The U.S. Conference of Mayors has just done something it hasn’t done since Vietnam, passing a resolution that supports efforts to speed up the ending of our current wars and calls on the President and Congress to “bring these war dollars home to meet vital human needs.”
Here’s a page that organized this: http://www.wardollarshome.org
Activist groups are already taking the opportunity to ask Congress and the President to finally listen to what has, after all, been majority public opinion for a long time.
The President is about to announce whether he will violate his commitment to a significant withdrawal from Afghanistan in July. The House of Representatives is passing amendments blocking funding for the Libya War, and 10 congress members have sued the president in court to end it. Iraq, we are told, may soon “request” a continued occupation into next year. A CIA war in Yemen is ramping up, along with that in Pakistan. Congress will soon vote on $530 billion for the Department of “Defense” and another $119 billion for the wars. Meanwhile, Robert Gates just told the New York Times these are wars of choice. The American people and the U.S. Conference of Mayors seem to want a different choice made.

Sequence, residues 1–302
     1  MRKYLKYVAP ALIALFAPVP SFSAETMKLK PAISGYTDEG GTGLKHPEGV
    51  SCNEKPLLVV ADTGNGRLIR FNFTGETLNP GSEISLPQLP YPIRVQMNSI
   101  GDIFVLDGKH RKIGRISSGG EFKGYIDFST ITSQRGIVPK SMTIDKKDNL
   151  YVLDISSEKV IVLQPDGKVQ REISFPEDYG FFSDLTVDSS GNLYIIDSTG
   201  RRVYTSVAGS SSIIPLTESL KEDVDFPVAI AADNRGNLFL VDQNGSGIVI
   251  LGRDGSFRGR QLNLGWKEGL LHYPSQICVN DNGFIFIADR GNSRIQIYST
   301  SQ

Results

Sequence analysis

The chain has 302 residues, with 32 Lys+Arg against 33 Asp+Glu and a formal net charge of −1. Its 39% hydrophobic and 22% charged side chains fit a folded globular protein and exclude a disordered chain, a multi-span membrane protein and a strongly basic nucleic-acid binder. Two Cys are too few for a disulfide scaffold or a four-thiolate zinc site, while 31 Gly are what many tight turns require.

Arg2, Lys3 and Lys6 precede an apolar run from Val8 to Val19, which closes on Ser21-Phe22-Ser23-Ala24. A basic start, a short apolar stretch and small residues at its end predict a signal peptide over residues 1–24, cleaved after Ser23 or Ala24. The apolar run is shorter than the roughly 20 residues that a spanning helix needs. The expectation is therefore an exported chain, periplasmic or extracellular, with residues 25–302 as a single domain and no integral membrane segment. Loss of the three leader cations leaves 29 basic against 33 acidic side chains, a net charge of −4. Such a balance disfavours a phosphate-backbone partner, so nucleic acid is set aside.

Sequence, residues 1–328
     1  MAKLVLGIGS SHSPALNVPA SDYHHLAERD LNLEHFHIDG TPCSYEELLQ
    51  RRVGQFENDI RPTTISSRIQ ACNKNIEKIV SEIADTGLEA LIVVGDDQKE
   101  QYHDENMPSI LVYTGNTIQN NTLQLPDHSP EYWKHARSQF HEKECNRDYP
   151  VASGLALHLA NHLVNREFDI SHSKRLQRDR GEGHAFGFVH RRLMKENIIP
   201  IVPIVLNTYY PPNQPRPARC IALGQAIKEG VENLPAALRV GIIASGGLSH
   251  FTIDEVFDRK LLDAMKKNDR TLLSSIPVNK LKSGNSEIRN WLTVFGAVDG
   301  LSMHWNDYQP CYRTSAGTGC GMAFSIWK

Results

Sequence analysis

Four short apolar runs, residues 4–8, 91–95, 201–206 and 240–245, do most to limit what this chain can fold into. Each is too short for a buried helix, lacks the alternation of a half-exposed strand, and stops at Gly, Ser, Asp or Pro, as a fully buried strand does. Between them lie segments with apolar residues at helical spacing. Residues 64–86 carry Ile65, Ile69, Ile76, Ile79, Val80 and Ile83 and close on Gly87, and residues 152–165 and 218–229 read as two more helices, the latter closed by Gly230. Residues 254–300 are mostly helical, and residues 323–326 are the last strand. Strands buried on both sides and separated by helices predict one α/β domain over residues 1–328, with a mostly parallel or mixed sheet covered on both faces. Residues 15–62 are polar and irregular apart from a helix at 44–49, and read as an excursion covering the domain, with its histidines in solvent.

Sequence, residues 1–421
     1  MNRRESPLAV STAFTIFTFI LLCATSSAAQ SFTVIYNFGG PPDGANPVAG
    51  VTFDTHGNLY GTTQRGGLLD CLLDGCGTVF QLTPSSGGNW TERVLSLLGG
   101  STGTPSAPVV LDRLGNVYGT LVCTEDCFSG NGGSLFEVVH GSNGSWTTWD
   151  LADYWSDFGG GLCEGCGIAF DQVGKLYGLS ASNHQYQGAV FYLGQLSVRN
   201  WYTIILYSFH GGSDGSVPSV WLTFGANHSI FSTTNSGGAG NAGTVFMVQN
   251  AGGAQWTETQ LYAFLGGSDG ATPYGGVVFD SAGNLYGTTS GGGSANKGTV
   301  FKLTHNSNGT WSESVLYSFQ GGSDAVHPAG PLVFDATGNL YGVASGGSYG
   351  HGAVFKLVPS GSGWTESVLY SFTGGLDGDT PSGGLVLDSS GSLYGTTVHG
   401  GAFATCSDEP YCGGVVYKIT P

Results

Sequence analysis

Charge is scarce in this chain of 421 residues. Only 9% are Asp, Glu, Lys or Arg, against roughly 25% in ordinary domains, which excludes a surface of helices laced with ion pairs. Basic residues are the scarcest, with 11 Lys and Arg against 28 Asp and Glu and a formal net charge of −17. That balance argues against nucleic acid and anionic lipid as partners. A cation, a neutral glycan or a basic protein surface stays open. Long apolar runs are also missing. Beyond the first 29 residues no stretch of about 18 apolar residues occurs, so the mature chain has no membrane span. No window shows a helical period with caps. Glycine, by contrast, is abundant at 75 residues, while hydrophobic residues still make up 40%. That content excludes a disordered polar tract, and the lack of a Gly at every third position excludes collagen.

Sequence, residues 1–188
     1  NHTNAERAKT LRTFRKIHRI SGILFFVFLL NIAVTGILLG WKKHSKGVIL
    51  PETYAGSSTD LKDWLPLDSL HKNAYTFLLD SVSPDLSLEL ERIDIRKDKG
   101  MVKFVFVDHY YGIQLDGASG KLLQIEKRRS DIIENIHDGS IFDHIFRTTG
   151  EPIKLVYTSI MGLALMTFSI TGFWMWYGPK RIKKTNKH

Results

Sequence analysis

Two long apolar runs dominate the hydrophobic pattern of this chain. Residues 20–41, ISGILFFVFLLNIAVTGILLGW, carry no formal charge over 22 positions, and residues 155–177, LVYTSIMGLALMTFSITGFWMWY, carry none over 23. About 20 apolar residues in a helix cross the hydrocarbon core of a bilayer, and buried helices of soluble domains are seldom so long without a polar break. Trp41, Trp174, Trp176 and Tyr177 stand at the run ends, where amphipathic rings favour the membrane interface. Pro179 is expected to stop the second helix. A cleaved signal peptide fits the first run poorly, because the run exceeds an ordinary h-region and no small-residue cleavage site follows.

Here’s the resolution’s key language. There are two “resolved clauses.” The first reads:
“NOW, THEREFORE, BE IT RESOLVED, that the U.S. Conference of Mayors supports efforts to speed up the ending of these wars; and”
The second was edited and debated on the floor of the conference to read (I think):
“BE IT FURTHER RESOLVED, that the U.S. Conference of Mayors calls on the U.S. President and Congress as soon as strategically possible to bring these war dollars home to meet vital human needs, promote job creation, rebuild our infrastructure, aid municipal and state governments, and develop a new economy based upon renewable, sustainable energy, and reduce the national debt.”
Prior to editing, it had read:
“BE IT FURTHER RESOLVED, that the U.S. Conference of Mayors calls on the U.S. Congress to bring these war dollars home to meet vital human needs, promote job creation, rebuild our infrastructure, aid municipal and state governments, and develop a new economy based upon renewable, sustainable energy.”
This resolution could have passed in a batch of resolutions without debate, but Mayor Pete Lewis of Auburn, WA, asked that it be pulled, resulting in a debate and vote individually on this resolution.